|Ph.D Student||Dori Liora|
|Subject||Evaporation of 2-Dimensional Black Holes|
|Department||Department of Physics||Supervisor||Professor Amos Ori|
The idea that nature allows the existence of spacetime regions that let nothing escape their gravitational attraction is probably one of the most intriguing predictions of classical general relativity. Ironically, discovering that due to quantum effects radiation does escape this fatal attraction, did not resolve the mystery. Rather, it intensified it.
As Hawking first discovered in 1974, black holes emit thermal radiation ("Hawking radiation") at a steady rate, which eventually may lead to their complete evaporation. The evaporation process, arising from quantum mechanical effects in a gravitational field, should obviously be investigated within a quantum-gravity theory. However, the latter hasn't been formulated yet. Nevertheless, assuming the black hole is macroscopic, one can carry out the investigations within a semiclassical framework, in which the metric is treated classically but the matter fields are treated quantum-mechanically.
The semiclassical field equations are governed by the generalized (namely, semiclassical) Einstein equation. Naturally, one is interested in solving the 4-dimensional generalized Einstein equation, hoping to relate its solution to astrophysical black holes. Unfortunately, only in 2 dimensions we can write this equation in a consistent form, i.e., as a closed system of hyperbolic, partial differential equations.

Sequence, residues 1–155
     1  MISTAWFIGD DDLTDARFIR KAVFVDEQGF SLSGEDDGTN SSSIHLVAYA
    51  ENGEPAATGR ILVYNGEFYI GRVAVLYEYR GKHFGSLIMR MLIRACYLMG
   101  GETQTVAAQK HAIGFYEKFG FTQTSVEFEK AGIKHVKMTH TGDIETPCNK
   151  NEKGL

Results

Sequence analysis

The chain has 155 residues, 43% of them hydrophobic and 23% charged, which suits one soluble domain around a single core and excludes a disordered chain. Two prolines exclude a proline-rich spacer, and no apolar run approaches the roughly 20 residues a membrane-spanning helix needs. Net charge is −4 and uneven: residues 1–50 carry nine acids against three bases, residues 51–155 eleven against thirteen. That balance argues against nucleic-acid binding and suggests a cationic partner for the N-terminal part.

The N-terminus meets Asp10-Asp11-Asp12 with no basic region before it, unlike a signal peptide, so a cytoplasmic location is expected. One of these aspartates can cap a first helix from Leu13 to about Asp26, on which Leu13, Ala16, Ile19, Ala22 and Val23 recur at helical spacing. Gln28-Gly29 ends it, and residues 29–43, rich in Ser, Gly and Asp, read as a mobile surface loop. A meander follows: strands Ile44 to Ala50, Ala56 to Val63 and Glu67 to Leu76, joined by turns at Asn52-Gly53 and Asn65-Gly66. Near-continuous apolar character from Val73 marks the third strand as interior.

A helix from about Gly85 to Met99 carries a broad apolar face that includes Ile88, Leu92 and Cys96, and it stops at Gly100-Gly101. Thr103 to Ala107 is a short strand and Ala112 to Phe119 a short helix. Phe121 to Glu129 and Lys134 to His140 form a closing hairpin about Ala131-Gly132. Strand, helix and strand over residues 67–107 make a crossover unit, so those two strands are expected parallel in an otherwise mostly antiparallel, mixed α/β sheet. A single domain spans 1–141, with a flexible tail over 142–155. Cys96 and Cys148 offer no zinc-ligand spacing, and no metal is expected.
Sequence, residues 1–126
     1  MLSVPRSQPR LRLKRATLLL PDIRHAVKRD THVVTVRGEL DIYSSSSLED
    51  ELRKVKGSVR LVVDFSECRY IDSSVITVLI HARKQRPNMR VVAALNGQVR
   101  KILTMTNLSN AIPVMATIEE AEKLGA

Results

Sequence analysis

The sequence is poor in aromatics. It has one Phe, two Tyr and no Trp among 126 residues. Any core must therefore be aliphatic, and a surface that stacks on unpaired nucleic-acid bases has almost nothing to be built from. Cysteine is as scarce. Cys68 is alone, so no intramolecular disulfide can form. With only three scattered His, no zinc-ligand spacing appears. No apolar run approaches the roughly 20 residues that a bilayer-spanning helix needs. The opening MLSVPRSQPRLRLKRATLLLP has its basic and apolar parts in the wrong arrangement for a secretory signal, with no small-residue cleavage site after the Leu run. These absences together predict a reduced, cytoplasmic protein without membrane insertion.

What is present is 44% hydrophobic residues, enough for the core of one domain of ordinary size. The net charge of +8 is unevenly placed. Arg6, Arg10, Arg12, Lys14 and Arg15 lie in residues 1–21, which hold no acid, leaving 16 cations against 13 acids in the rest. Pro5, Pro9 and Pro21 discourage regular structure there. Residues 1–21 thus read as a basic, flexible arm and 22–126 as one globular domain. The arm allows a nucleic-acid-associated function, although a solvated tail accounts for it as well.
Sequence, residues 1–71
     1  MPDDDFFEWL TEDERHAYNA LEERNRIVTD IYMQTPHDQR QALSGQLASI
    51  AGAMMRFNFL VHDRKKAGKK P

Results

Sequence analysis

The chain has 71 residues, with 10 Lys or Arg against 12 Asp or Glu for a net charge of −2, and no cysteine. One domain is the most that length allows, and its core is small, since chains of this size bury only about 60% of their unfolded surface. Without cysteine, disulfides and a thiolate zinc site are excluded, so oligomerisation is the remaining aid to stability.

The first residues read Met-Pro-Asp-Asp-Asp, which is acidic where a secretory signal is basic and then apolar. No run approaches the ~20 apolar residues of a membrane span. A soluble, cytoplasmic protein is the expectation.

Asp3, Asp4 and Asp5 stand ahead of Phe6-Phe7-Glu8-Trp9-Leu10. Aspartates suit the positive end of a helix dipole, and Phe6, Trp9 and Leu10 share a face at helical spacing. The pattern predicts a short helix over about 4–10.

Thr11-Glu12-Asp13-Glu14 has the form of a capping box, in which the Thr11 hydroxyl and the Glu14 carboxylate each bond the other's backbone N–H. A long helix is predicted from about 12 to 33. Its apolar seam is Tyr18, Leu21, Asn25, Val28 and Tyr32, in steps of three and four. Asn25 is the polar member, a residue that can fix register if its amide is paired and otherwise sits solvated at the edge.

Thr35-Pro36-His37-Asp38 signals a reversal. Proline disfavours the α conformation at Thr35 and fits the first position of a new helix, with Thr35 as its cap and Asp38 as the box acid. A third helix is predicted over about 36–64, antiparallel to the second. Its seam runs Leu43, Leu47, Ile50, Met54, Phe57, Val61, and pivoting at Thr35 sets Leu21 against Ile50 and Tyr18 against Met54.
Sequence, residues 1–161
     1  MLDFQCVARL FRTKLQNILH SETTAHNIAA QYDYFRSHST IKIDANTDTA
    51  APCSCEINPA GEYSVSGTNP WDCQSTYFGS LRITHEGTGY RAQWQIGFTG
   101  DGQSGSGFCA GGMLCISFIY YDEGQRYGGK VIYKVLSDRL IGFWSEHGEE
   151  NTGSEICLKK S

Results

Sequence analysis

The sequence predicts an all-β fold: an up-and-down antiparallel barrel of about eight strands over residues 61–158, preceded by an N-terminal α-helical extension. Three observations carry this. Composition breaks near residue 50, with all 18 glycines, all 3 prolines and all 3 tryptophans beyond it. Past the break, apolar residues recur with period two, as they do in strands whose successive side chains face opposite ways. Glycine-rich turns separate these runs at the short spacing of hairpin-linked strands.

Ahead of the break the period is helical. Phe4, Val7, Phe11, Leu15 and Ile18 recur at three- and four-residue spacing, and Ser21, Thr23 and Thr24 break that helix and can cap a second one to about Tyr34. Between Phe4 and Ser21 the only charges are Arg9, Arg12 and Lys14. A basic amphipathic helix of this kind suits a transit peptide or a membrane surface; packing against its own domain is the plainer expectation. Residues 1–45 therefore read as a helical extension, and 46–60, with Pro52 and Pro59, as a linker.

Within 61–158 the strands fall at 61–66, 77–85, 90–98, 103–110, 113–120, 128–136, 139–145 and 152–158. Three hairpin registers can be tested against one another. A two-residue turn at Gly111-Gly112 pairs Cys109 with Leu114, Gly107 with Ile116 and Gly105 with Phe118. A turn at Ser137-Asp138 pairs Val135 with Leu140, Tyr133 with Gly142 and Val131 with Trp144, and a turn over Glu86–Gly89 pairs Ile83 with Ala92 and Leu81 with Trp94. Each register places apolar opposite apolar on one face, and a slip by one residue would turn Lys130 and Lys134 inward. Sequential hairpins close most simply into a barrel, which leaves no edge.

Such a semiclassical model of 2-dimensional black hole was first presented by Callan, Giddings, Harvey and Strominger (CGHS). The CGHS model exhibits the main features of an evaporating black-hole and in particular, the 2-dimensional analog of Hawking radiation. Therefore it can serve as a toy-model for the corresponding 4-dimensional evaporating black hole. The analytical solution of the CGHS model is yet unknown, however solutions can be obtained by numerical integration of the field equations.
In this work, we investigate numerically the evaporation process of a two-dimensional, CGHS black hole. We solve the CGHS equations numerically, and verify the validity of the numerical solution by comparing it to several recent works which analyzed the CGHS model by several analytic approximations. The numerical code we have developed, allows us to obtain the solution over a considerable part of the semiclassical spacetime, thus to explore some of the most interesting phenomena involved in the evaporation process of a black hole, especially, the Hawking radiation.